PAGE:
A few weeks before rehearsals began for Another Word for Beauty, Academy Award-nominated playwright José Rivera sat down with the Goodman’s Dramaturg Neena Arndt to discuss his research, the themes of the play and Colombian beauty pageants.
Neena Arndt: How did you become interested in Buen Pastor Prison, the facility in Bogotá where a beauty pageant takes place each year?
José Rivera: Well, it started off a little ironically; I had been approached by a film company to adapt a documentary called La Corona, and that documentary was about the beauty pageants in the Buen Pastor Prison. I agreed to write the screenplay. At almost the very same time, Steve Cosson of The Civilians approached me about writing a theatrical version of the same story; for a while I was actually writing both a film and play at the same time, even though both projects were quite different from each other. The film version was set in Los Angeles, but the play version arose from Steve’s company, The Civilians, and their process of interviewing people and writing about a community. Steve arranged a trip for him and me to go down to Colombia to see the prison and the pageant and interview prisoners.
NA: How did you approach the women, and what were they like?
JR: Steve was actually a Fulbright [Scholar] when he was younger and lived in Colombia, so he knew the country much better than I did having never been there. He had contacts in the theater community, so he and I and his [associates]—who were a handful of actors—went into the prison. I was [in Bogotá] for two weeks, and during that time we went to the prison three times to watch the pageant and to interview people. We went to the prison early in the morning and stayed all day long. When we could, we would just pull women aside and say, “Will you talk to us?” As it turned out, they were very, very eager to talk. They don’t have anyone to talk to in a lot of cases. So they were very eager to open up to everyone involved. The pageant itself took place over several days; for us, each day was an eight-hour day that consisted of watching this pageant unfold in the hot sun.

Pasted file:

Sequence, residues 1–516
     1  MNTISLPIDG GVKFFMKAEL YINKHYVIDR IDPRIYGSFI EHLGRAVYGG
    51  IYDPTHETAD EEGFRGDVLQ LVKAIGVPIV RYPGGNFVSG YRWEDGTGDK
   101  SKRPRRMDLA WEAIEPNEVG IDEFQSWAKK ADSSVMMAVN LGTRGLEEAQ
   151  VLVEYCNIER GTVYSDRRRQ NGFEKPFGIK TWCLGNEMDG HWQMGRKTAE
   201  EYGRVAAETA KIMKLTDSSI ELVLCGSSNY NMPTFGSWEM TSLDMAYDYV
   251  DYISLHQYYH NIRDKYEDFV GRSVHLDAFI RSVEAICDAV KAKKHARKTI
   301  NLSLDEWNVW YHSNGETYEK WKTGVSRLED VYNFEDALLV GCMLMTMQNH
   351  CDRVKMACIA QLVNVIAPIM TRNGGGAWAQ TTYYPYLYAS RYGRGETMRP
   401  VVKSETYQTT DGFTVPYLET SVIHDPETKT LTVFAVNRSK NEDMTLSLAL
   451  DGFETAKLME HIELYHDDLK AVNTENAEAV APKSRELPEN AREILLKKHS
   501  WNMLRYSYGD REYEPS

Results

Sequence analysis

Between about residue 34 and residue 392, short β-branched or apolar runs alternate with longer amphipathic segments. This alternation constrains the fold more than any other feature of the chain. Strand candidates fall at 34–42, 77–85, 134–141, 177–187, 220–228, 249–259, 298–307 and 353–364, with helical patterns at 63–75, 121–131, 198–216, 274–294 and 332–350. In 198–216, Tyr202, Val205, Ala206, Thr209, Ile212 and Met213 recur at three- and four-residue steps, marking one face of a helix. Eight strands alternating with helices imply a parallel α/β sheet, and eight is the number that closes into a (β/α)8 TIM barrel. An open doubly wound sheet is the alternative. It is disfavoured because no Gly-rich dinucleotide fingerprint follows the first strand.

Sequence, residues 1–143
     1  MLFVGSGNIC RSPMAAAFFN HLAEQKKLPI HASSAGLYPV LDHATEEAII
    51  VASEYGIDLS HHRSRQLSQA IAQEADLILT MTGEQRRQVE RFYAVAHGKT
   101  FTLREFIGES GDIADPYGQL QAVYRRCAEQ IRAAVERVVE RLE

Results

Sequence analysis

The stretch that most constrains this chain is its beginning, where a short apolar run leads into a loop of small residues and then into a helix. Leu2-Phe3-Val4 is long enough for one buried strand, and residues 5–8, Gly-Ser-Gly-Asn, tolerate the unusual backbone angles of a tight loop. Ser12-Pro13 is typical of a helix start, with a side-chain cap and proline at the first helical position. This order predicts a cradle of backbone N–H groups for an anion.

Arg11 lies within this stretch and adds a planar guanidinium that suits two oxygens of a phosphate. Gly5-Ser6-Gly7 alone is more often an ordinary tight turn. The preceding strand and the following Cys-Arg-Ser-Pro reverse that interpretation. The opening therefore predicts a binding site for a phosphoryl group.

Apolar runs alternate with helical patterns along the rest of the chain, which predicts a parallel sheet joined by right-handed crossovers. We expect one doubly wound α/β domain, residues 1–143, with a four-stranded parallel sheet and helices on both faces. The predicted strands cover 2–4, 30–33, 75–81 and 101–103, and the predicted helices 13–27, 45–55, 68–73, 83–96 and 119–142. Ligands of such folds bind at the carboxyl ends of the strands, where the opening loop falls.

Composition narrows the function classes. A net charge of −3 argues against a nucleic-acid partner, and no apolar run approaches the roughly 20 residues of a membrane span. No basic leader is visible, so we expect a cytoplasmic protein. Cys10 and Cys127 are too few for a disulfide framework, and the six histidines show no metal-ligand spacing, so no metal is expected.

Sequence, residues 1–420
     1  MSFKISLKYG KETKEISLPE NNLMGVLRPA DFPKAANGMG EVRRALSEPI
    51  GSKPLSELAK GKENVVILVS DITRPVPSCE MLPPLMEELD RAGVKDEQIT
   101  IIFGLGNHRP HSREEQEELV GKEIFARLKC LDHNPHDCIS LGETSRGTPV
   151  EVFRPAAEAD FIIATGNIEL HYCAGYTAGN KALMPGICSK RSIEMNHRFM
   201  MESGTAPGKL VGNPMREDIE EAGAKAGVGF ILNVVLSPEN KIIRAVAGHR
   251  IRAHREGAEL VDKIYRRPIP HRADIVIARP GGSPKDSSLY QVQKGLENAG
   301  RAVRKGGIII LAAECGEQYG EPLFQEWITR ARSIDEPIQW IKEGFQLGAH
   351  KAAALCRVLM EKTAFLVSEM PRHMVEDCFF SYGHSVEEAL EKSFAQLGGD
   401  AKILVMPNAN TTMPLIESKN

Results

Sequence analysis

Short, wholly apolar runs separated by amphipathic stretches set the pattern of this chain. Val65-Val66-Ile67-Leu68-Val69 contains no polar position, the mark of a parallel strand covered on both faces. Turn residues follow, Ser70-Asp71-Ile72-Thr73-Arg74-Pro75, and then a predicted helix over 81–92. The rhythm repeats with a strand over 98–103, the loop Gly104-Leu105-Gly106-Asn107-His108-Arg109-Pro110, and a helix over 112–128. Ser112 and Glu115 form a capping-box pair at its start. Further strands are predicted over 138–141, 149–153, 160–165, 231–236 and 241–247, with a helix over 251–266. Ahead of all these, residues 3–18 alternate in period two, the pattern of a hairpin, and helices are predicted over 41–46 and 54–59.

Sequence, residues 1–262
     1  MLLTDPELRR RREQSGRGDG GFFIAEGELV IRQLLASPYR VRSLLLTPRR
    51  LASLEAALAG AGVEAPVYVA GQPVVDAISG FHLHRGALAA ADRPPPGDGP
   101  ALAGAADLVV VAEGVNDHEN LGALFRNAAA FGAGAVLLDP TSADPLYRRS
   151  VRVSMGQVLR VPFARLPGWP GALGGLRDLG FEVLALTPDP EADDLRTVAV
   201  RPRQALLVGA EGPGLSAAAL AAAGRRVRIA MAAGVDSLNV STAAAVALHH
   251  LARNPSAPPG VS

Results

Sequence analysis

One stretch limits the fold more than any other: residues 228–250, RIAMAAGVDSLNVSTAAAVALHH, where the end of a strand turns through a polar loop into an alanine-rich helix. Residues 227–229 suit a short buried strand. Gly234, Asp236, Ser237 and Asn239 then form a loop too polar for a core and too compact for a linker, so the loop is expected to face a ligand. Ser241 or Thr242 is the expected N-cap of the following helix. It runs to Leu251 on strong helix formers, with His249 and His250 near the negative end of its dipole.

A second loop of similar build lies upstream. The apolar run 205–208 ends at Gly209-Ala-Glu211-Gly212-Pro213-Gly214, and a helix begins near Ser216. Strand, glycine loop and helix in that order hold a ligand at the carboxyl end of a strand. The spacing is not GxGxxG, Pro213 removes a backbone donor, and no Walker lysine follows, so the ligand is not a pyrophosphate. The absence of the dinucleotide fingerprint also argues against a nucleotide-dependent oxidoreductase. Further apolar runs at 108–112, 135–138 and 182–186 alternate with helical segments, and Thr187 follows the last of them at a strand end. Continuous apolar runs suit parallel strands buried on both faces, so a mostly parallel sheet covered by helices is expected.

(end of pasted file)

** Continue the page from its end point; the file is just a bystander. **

NA: What did the pageant mean for the women, in your observation? Obviously it’s different for each of them, but how in general did it affect them?
JR: The idea of the pageant is to celebrate the Virgin of Mercy [a 13th century apparition of the Virgin Mary]. The Virgin of Mercy was celebrated over the month of September with all kinds of performances and musical guests, and the pageant was the climax of that celebratory month. For a lot of the women, the pageant gets them doing little things, on a very basic level, that make time go faster. In some cases, it’s fun for them – there is a lot of dancing and costumes, and they all receive lessons in walking, speaking and posture. For some of them, it was a way of being part of something bigger. The pageant is set up such that each cell block competes against each other. At its best, it’s supposed to foster all this teamwork between the women – friends or even rivals. Part of the way a contestant wins is judged by the enthusiasm of her cell block, so women are encouraged to scream, shout and beat drums to support their candidate. Of course there are also women who we talked to who looked very askance at the pageant, who wondered why the prison was wasting time on this frivolous activity when it could be spending more time educating and rehabilitating women and providing books.
Artists are able to express the inexpressible and talk about things that are hidden, dark or forbidden to speak about.
NA: Why is it important to you to tell this story at the Goodman at this time?
JR: That’s a great question and, actually, several women asked me that while I was down there. The whole point of good theater is to give voice to those who don’t have a voice and to articulate whatever is in the air in that society at the time. Artists are able to express the inexpressible and talk about things that are hidden, dark or forbidden to speak about or that nobody wants to know. Raising consciousness as to who these women are, and being able to portray them as three-dimensional human beings (and not the clichés of a hooker, a mule and those sorts of things) is, to me, incredibly valid.